Robert Galbraith: Voices of Afghanistan

Voices of Afghanistan By Robert J. Galbraith, Exclusive to The Suburban

Kabul, Afghanistan — For over a month, my colleague Guido Schmidt and myself have been living in and speaking to the people of Kabul, Afghanistan’s largest city. We have grown beards (which is a sign of respect here) and adapted the local dress, so as not to arouse suspicions and also to blend in with the population. We have put ourselves at great personal risk in an effort to gain acceptance and break the cultural barriers between the haves and the have nots.
Sometimes it appears as though the world’s media can’t see the forest for the trees. We report on the shock-and-awe occurring in southern Afghanistan to an increasingly desensitized audience, or we detail the accounts of the generals and politicians haggling over their agendas and what is right for those under their protection. But what is lost in most reporting are the visions and voices of the Afghan people; those for whom every day is a test of survival and a challenge to dignity.
It is important to listen to what these resolute people have to say. Decades of war have not vanquished their hopes nor erased their ambitions to build a better tomorrow for their children.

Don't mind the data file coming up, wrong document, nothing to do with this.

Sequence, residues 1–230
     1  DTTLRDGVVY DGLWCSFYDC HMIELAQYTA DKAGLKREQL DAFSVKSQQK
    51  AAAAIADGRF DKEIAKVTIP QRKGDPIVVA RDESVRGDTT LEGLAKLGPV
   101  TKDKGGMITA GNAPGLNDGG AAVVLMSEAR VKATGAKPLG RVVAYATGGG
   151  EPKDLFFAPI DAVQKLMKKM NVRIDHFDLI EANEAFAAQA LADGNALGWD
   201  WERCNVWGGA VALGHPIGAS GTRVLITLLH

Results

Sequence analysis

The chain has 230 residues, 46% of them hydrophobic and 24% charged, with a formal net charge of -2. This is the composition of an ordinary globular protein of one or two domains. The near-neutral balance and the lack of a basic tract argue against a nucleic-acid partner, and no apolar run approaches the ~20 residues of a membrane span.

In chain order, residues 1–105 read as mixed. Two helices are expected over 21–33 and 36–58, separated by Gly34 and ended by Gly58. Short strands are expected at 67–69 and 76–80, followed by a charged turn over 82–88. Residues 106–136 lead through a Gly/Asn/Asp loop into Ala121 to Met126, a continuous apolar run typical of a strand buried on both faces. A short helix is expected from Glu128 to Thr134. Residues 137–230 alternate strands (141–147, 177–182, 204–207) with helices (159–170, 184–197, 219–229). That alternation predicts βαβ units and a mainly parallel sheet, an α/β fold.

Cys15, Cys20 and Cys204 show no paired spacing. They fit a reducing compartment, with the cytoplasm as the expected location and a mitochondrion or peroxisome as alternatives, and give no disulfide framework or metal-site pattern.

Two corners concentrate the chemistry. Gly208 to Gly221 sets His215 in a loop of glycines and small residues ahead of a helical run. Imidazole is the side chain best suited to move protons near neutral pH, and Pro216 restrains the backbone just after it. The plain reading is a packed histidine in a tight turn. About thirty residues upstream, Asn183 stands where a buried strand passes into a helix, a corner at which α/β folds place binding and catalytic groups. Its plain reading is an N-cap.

The five Afghans quoted (out of dozens interviewed) in this article were asked three questions; 1) Do you feel the coalition forces should leave Afghanistan? 2) What would happen to Afghanistan if they did leave? 3) What is the most important issue that concerns you most in your life or that of your family?
Thirty-seven-year-old Sima, a cleaning lady, refused to give me her last name because of the fear of reprisal. For many Afghan women, the fear of repression and even death still clings heavily. Even speaking with a male stranger on the street can lead to the worst from the conservative elements in this society. She fought back tears while describing her plight.
“We’re happy if they (the coalition forces) stay longer and keep the security. I’m definitely sure that if tomorrow they leave, the Taliban will come.
“My husband and 18-year-old son were both killed by the Taliban, before their power collapsed. Now I have no home and I’m renting a place. I am the only one working to raise my five children. My two boys are 9 and 15 years old. My three daughters are 11, 13 and 17.”
There is no social safety net for people like Sima in Afghanistan. It is either work, borrow money from family, send your children out to work, or beg on the streets. This is the reality for many female widows here.
Twenty-three-year-old Sherraz is a baker of traditional Nãm, or bread. For males, it is common practice that they use only one name. He is unmarried though he lives with his 50-year-old mother, 70-year-old father, two teenage sisters and two brothers.
“For the American forces and the other foreign armies to stay is important. If they leave, it will be a very big problem for the country’s security. But if they were all to leave tomorrow, it is not important because the Mojahadeen, the Afghan Army and the police have improved enough that we can defend ourselves.